Current yields in sub-Saharan Africa are well below what could be achieved given the region's farmable land and annual rainfall. The area receives more rainfall per year than other breadbaskets around the world. Given these factors, there is a persistent narrative that sub-Saharan Africa has the potential to become a grain breadbasket if production is intensified.
A lack of data on soil depths that will support root growth has limited rigorous evaluations of how well sub-Saharan soils can support high, stable yields. This is a critical parameter because deeper soils can buffer against rain-free periods.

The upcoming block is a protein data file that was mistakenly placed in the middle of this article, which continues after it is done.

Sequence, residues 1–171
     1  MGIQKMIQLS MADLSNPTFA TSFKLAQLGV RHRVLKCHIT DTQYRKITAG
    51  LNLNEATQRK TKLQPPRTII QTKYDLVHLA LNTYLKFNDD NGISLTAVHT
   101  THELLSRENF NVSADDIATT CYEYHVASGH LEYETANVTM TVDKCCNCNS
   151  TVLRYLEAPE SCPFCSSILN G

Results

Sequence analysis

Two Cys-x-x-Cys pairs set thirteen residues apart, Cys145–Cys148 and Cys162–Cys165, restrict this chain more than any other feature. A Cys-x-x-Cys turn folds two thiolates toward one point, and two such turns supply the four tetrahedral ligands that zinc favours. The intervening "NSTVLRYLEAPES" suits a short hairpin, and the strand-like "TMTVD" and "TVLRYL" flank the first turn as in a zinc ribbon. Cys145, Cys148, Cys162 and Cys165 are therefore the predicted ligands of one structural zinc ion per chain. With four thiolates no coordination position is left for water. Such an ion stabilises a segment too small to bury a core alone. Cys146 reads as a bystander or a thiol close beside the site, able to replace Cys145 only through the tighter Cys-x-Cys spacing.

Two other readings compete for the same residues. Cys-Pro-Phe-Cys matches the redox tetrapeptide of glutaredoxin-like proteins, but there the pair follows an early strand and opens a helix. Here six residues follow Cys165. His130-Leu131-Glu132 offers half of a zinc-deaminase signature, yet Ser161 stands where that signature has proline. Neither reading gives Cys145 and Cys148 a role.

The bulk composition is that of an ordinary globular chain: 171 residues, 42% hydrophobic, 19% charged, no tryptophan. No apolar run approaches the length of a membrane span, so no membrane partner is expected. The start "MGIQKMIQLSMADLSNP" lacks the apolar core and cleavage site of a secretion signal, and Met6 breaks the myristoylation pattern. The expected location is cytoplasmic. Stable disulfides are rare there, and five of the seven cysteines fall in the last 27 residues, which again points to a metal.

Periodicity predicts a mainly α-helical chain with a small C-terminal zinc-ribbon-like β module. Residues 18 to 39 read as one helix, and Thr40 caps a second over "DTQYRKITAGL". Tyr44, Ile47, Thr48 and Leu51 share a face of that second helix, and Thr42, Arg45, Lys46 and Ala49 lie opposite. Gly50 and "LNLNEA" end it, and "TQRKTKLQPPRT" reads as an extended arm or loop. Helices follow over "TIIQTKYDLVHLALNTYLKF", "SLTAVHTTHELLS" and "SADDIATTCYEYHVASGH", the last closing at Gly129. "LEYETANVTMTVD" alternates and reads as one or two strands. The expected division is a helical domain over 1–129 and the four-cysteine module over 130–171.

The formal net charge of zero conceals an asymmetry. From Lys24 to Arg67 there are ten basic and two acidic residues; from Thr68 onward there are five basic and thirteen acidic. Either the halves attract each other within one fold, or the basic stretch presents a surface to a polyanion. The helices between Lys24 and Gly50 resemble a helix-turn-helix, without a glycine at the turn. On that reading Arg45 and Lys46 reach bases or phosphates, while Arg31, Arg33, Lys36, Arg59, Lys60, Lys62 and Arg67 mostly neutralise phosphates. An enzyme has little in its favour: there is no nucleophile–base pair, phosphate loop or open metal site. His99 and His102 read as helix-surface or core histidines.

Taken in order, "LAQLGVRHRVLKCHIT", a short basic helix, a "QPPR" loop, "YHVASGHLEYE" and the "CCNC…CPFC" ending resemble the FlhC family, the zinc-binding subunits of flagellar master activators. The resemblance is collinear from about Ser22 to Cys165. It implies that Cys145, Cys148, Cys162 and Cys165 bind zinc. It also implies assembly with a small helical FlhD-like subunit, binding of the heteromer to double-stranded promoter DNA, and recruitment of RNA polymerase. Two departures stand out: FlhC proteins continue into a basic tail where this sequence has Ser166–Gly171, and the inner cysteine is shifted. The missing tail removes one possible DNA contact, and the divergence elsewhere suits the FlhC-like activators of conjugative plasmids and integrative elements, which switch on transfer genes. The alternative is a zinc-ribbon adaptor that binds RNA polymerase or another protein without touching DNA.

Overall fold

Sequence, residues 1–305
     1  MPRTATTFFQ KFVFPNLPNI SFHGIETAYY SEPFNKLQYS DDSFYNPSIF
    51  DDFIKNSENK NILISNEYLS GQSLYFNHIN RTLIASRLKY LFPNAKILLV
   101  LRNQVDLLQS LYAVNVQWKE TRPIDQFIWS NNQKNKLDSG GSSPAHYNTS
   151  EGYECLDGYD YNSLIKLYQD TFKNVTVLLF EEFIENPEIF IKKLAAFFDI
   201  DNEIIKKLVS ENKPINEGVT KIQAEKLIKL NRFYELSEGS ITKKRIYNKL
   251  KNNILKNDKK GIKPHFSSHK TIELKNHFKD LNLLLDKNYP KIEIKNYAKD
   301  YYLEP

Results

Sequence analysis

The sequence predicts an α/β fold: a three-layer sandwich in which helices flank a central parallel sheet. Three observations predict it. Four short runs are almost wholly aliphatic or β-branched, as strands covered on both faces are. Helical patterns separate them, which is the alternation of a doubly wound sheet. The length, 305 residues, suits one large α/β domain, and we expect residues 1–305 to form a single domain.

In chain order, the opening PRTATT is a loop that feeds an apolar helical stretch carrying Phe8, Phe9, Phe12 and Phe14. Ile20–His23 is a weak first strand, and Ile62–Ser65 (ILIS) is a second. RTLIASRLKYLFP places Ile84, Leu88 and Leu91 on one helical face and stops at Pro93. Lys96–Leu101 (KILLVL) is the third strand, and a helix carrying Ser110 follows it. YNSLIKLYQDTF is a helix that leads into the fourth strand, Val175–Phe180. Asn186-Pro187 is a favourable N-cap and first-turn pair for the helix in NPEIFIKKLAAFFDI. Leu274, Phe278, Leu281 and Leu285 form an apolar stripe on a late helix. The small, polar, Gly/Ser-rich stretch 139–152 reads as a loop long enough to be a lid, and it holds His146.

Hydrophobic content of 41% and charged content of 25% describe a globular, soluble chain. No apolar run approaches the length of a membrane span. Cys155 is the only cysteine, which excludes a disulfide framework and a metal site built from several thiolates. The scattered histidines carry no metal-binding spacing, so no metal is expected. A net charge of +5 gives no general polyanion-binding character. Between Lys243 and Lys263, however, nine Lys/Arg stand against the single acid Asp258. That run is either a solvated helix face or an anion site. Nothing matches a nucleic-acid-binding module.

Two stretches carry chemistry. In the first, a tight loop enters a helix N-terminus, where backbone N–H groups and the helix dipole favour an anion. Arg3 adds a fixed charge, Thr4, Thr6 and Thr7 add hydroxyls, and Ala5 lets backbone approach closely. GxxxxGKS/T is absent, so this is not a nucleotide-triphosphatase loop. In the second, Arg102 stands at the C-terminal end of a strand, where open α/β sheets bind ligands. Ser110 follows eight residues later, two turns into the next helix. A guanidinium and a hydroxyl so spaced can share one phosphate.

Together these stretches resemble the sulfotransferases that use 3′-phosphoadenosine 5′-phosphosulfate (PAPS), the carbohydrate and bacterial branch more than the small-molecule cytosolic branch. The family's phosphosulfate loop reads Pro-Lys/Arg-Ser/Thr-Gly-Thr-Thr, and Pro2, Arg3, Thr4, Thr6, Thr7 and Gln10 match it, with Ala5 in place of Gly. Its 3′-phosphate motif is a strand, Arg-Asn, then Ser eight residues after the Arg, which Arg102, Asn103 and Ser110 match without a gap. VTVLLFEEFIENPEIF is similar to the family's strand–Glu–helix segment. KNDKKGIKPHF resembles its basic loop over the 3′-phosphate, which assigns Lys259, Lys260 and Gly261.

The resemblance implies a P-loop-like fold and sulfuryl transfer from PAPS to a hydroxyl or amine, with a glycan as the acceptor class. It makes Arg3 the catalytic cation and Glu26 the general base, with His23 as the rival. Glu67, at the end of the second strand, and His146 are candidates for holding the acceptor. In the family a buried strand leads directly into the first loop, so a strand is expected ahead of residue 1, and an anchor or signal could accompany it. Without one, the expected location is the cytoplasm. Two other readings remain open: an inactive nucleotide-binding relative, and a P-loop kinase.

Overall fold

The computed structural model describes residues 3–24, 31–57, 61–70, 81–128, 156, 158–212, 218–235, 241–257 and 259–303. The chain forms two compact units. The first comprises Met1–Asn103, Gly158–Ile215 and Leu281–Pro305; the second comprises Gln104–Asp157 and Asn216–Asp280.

Soils in the U.S. Corn Belt are deep and young, laid down during the past 20,000 years, whereas sub-Saharan soils are weathered and much older, dating back at least 540 million years. In the U.S. Corn Belt, the soils are deeper than 1.5 meters.